But the "lens" she chooses here is interesting. To wit, Nicolosi, a classically educated Christian, is viewing the film in the context of Aristotle's Ethics and finds much resonance there. Central to Aristotle is this idea that human beings, in order to function properly, must express virtue. For the virtuous Greek, all the things that can be quantified (money, physical pleasure, fame, etc.) must be removed in order to attain happiness. What's more, virtue is the very thing by which one understands happiness, beauty, and practical reason. I tend to see Linklater as a classic liberal humanist, and within the diegesis of Boyhood this notion of virtue goes unexamined. I would say the film is about self-discovery, or the discovery of some thing deeper, as Leary explained. The confusing part about Nicolosi's review is that she credits this absence to the filmmaker as genius. If Boyhood were truly Aristotelian, it would arrive at the conclusion that the best things in the universe are not human beings, but the beings composing the universe, and that happiness needs external good--loving your neighbor, for instance--in order to be realized. 

 

Aristotle also believed that mothers love their children more than fathers do, since giving birth is more strenuous for them, which aligns perfectly with the depiction of the Arquette character! Barbara's assessment of the parents in Boyhood may lack charity, but at least she has the courage to suggest that as a parent, loving your children means training them in virtue.

Edited by Nathaniel

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Critics (and viewers) often conflate what they bring to a film with what the film is doing and hence mistake a subversive (or even just a peculiar) reading with a subversive film.

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Critics (and viewers) often conflate what they bring to a film with what the film is doing and hence mistake a subversive (or even just a peculiar) reading with a subversive film.

 

True. I guess I'm wondering whether Nicolosi is doing this knowingly and jokingly (as when an Indiewire critic called D'Souza's America a brilliant left-wing parody) or ignorantly and earnestly.

Edited by Nathaniel

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Nathaniel wrote:

: No one familiar with Linklater's body of work would believe him capable of a "subversive conservative agenda."

 

It's the art, not the artist, that ultimately matters though, no?

 

: Aristotle also believed that mothers love their children more than fathers do, since giving birth is more strenuous for them, which aligns perfectly with the depiction of the Arquette character!

 

Really? Hmmm. I tend to line up with those who think the film is critical of the mother for ditching Ethan Hawke (who *does* turn out okay in the end) and then hooking up successively with a series of much-worse guys. Which is not to say that the protagonist doesn't love his mother. But the film does seem to support Steve Sailer's supposition that the film essentially expresses Linklater's belief that his mom shouldn't have ditched his dad.

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Curious that this statement comes from the very same review in question:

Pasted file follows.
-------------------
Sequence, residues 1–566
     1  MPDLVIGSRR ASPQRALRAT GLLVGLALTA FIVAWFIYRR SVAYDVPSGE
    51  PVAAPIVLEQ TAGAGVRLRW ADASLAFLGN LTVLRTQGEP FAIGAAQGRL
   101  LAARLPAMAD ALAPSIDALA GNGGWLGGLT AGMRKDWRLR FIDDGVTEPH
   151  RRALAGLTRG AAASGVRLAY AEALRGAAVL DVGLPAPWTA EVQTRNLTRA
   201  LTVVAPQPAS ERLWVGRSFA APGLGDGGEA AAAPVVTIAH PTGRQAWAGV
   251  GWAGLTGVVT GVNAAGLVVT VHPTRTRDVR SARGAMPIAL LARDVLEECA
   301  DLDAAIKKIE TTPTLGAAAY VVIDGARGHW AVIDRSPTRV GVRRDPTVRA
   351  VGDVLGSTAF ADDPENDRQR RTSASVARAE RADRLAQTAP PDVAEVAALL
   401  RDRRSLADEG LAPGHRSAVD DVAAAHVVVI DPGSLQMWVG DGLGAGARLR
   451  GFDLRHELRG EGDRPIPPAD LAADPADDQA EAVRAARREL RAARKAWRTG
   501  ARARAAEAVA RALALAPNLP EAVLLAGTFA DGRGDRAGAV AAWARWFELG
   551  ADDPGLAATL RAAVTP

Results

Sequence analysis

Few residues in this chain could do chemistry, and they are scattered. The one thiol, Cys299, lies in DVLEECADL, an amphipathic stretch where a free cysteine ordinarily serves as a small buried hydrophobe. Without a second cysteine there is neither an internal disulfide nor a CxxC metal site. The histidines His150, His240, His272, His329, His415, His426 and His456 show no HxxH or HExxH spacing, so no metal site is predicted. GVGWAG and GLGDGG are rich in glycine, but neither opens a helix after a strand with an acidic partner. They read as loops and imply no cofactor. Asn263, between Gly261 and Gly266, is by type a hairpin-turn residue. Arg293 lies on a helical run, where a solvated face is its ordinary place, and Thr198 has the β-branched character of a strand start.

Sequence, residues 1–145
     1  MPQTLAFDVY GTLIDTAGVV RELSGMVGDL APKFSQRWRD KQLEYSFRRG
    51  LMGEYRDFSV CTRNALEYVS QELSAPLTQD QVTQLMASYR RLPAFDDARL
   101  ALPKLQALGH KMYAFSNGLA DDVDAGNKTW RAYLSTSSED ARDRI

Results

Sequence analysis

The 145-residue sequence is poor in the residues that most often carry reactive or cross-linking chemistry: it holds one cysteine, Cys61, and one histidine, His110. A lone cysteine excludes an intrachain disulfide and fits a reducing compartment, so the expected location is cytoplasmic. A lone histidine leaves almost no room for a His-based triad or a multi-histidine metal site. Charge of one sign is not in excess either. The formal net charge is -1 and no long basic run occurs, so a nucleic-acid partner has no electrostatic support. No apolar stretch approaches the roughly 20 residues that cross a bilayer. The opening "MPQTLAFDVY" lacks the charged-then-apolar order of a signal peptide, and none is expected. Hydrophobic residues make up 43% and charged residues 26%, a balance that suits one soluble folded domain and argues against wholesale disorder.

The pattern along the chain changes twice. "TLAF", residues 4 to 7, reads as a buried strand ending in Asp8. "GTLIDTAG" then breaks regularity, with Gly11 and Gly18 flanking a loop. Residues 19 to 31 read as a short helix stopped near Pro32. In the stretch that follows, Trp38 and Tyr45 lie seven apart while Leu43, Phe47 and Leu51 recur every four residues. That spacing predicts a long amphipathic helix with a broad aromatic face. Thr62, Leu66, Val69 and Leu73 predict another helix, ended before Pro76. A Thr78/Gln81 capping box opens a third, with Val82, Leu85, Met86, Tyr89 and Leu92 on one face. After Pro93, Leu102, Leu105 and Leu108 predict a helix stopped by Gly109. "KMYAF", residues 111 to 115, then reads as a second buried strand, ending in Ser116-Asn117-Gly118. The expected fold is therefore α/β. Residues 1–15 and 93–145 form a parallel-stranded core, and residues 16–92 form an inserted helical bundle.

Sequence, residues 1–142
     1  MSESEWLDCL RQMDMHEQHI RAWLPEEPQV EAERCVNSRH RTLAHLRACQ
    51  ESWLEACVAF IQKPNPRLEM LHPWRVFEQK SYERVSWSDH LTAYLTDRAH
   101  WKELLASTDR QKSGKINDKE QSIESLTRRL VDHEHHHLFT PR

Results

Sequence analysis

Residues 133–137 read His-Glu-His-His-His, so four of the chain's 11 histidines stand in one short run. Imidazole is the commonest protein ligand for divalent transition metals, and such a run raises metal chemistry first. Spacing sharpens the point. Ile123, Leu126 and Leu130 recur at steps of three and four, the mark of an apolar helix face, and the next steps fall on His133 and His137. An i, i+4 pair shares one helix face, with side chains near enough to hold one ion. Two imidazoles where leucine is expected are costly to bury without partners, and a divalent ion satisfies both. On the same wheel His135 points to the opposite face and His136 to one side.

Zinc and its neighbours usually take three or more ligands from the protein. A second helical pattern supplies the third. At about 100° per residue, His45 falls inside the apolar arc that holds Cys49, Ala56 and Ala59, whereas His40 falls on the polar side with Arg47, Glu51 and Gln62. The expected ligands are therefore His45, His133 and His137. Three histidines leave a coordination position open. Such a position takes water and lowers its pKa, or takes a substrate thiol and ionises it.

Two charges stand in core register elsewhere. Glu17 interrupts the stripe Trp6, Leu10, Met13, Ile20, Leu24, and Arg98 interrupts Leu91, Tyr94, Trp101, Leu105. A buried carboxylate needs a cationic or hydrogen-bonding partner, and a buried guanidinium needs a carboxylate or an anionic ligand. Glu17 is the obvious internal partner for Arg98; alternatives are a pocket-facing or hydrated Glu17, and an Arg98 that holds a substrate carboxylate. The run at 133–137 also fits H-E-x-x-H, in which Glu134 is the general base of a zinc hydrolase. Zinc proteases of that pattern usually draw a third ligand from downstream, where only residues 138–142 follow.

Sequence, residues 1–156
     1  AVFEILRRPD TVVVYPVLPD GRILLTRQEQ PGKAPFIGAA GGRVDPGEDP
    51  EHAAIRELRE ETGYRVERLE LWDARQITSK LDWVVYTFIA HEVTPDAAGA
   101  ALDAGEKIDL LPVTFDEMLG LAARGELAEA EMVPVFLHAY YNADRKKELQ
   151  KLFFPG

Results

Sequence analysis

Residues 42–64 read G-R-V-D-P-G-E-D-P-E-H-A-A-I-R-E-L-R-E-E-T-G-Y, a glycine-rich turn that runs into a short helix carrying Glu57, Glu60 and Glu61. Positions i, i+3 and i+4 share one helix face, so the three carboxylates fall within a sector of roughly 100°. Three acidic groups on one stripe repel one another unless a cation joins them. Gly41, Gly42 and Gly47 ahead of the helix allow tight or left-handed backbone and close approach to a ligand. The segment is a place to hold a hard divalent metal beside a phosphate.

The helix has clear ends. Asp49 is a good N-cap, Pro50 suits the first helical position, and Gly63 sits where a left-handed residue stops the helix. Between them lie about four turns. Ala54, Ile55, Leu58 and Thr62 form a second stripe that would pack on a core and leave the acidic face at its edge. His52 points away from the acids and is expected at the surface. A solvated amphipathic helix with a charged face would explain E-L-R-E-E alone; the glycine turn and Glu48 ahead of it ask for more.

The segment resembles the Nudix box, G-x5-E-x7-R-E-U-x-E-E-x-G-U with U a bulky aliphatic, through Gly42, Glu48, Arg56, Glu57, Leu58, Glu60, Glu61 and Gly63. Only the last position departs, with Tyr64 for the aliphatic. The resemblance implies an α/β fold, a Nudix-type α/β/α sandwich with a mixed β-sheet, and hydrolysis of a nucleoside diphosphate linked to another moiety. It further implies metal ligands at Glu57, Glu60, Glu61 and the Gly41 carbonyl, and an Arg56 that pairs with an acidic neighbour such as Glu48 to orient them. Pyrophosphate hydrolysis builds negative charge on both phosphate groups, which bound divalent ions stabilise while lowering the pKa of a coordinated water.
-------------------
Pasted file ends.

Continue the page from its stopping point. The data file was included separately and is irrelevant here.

The truth about a movie’s merits or problems seems sadly impossible to just state in a climate where everything is politics.


Frankly, I'm not sure I can think of any climate in which "the truth about a movie's merits or problems" can be "just stated." In my experience, speaking truth about a work of art tends to be far more complicated and tricky than that, especially for just one person.

However, it is possible to discuss art in places where not everything is politics. A&F is one of those places. And I'm grateful for that. 

 

Anyway, taking a note from M. Leary, I'll rewrite the statement: The truth about a movie’s merits or problems seems sadly impossible to just state inaccessible to someone who chooses to live in a climate where everything is politics.

Edited by Overstreet

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The relatable villains here, of course, are the parents, played perfectly by Ethan Hawke and Patricia Arquette

 The parents are villains?  I mean, the film is certainly critical of both of them, but ultimately I thought it portrayed them as good, misguided people trying their best.

 

He’s a mess of a man and also – wait for it – a huge Obama supporter!

Wait, one imperfect character means the movie is critiquing everyone who has something in common with that character?  I guess that makes sense, since Nicolosi does think Eli Sunday was meant to caricature all Christians. My only question is how does she explain the conservative who proudly brandishes a confederate flag and threatens to shoot the kids?

 

I've said this before, but I really don't get the love for Boyhood, and the longer I've sat with it, the more I dislike it. I am glad for all those who do find something of value in it, but forcing it into one's own political lens, as Nicolosi did in her review, is a service to no one. It makes it very difficult to talk about the movie's merits (or lack thereof), and it denies the value of the powerful, near-universal experience which most people have had with the movie, if they interpret it differently.  Reading the film as a product of a culture where broken families are common is a possibility, and while the film is undoubtedly critical of the more selfish decisions of its characters, it is also far less critical of them than Nicolosi gives it credit for.

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So I'm gonna parse some of my thoughts regarding this film and why I found myself ultimately disappointed.

I read Jeffrey Overstreet's review right before this, and it was funny finding myself nodding along with Young Adult Jeff a few times (dunno what that says about me)

I watched this film in 2014. To think about the events surrounding 2014, and I won't get into them all here, but just suffice to say they certainly color my viewing of it.

He doesn't grow up. Well, sorta he does, but I'm not sure what he grows into.

In fact it felt like he grew more self absorbed as he grew older, less aware of the world around him. Perhaps this was intentional, but the last scene of the film especially speaks to me of aimlessness. "Maybe everything is right now" and other silly philosophical thoughts of the last few minutes just seemed..off...to me. This was like the kind of thing you'd see a bunch of white privileged kids saying as they sat around a fire, aimlessly contemplating life. Like...that's it? That's what you got out of the whole experience of your last 18 something years?